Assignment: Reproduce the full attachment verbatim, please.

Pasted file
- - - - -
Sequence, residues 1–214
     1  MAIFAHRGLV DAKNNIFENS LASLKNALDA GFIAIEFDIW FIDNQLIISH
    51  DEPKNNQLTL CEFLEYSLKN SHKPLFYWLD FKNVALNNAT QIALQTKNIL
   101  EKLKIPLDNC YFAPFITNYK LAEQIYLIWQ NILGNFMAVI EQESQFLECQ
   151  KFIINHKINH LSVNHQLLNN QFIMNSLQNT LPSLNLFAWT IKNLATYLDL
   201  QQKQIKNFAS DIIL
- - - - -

Sequence, residues 1–214
     1  MAIFAHRGLV DAKNNIFENS LASLKNALDA GFIAIEFDIW FIDNQLIISH
    51  DEPKNNQLTL CEFLEYSLKN SHKPLFYWLD FKNVALNNAT QIALQTKNIL
   101  EKLKIPLDNC YFAPFITNYK LAEQIYLIWQ NILGNFMAVI EQESQFLECQ
   151  KFIINHKINH LSVNHQLLNN QFIMNSLQNT LPSLNLFAWT IKNLATYLDL
   201  QQKQIKNFAS DIIL